Earlier this summer we released Path of Dragons, the first book in a new product line devoted to expanding the possibilities in the mythic paths available in the Pathfinder Roleplaying Game. In particular, Path of Dragons was aimed at two main goals:
1. Leveling the playing field between player characters (which got a huge boost in the mythic rules) and dragons, some of their most iconic adversaries, who got a boost as well but one that just didn’t quite measure up.
2. Like our long-running Mythic Monsters series, we wanted to bring out an array of iconic dragon-themed abilities that really played up the unique nature of dragons as enemies and the kinds of cinematic, exciting things that it would be cool to have them able to do at the table. We introduced dozens of new mythic abilities, many of general interest to all dragons but also an entire section devoted to specific dragon paths which described common roles that dragons might play in a campaign from bloodthirsty tyrant to dispassionate watcher.
But dragons, of course, aren’t the only bad guys who needed a bit of an upgrade. Enter Path of Villains, the second book in the series and one devoted to villains of all shapes and sizes. The first part of the book is devoted to a discussion of villains and how to use them in your campaign. Some of this advice may be familiar ground for experienced GMs, but it bears repeating when you’re doubling down on villainy and wanting to make it memorable!
What makes a good villain?
A villain can be a person or a monster, a politician or a priest, a demon lord or a dragon king, or just about anything else. What distinguishes a villain is not their raw power. Instead, what differentiates them from just another threat or challenge is that a villain is a part of the story just like the PCs themselves. They are not simply another pile of statistics and treasure waiting to be killed and looted. They are someone with plans and goals that intersect with the actions of the PCs. Sometimes they may be in a position to befriend the PCs, or simply meet them in a non-hostile context, before either really becomes aware of one another’s role in the ongoing story of the campaign. Making a memorable villain requires time and effort on the part of the GM, foreshadowing and articulating their villainy in a way that makes it memorable for the PCs as they start assembling the clues that lead back to the villain and uncovering their true nature. In any campaign, but especially a mythic campaign, what is worse than trying to build up a great villain encounter and having the players say, “Wait, who are you again?” when they meet for the big showdown.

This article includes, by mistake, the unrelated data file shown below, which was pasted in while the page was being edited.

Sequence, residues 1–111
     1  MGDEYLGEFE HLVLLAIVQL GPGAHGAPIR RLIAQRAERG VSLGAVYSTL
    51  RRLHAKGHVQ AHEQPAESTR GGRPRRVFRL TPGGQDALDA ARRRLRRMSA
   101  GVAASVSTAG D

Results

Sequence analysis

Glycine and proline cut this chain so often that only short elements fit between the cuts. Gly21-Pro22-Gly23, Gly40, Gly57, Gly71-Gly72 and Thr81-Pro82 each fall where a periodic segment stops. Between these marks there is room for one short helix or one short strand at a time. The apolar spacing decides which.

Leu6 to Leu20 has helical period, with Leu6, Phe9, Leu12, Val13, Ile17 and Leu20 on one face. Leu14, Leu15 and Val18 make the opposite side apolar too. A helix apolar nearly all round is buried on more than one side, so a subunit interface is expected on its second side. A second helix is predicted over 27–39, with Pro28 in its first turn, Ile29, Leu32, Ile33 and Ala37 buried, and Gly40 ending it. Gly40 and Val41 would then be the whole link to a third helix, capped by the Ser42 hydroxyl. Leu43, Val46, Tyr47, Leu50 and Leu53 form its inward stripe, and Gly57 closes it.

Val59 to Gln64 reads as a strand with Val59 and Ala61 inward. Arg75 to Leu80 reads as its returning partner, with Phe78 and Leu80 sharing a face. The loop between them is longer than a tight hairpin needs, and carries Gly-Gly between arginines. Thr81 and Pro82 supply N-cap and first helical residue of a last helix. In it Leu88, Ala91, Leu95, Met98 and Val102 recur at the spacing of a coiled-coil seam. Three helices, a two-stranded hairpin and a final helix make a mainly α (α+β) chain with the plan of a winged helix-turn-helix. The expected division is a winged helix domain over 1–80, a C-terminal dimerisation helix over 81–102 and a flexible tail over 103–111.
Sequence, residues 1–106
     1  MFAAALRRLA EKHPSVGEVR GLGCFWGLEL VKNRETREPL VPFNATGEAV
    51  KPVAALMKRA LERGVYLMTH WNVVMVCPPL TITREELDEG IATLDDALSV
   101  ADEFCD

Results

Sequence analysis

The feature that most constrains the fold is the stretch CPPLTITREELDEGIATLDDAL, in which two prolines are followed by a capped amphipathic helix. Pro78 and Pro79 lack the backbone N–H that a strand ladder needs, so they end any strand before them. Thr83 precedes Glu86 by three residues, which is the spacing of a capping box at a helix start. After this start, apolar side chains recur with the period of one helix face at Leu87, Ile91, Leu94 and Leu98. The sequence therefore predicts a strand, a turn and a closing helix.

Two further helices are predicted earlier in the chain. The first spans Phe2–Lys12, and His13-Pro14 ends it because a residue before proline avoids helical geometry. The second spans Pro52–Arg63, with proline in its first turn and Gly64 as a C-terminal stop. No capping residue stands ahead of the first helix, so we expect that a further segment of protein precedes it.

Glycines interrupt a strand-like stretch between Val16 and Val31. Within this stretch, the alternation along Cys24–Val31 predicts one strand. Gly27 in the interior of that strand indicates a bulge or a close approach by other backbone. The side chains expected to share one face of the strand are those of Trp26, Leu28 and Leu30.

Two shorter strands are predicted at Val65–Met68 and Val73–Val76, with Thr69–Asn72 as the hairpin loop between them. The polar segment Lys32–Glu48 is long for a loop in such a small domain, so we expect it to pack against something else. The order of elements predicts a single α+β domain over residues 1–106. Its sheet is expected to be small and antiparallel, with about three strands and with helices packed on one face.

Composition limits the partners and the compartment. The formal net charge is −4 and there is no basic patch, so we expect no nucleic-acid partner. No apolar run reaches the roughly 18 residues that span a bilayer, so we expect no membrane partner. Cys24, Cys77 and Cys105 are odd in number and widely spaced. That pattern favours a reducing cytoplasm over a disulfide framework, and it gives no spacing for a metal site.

From there, we head through a series of quick hits on the following subjects:
Great Villains Need Great Names
Even Bad Guys Have Friends
Every Villain Needs a Plan
Motivation: Why does your villain have this goal?
Method: How will they do it?
Means: What resources does the villain have?
Milestones: What are the steps along the way to WORLD DOMINATION?
From there, we get into the meat of the product, the Mechanics of Villainy, but that’s for tomorrow’s preview…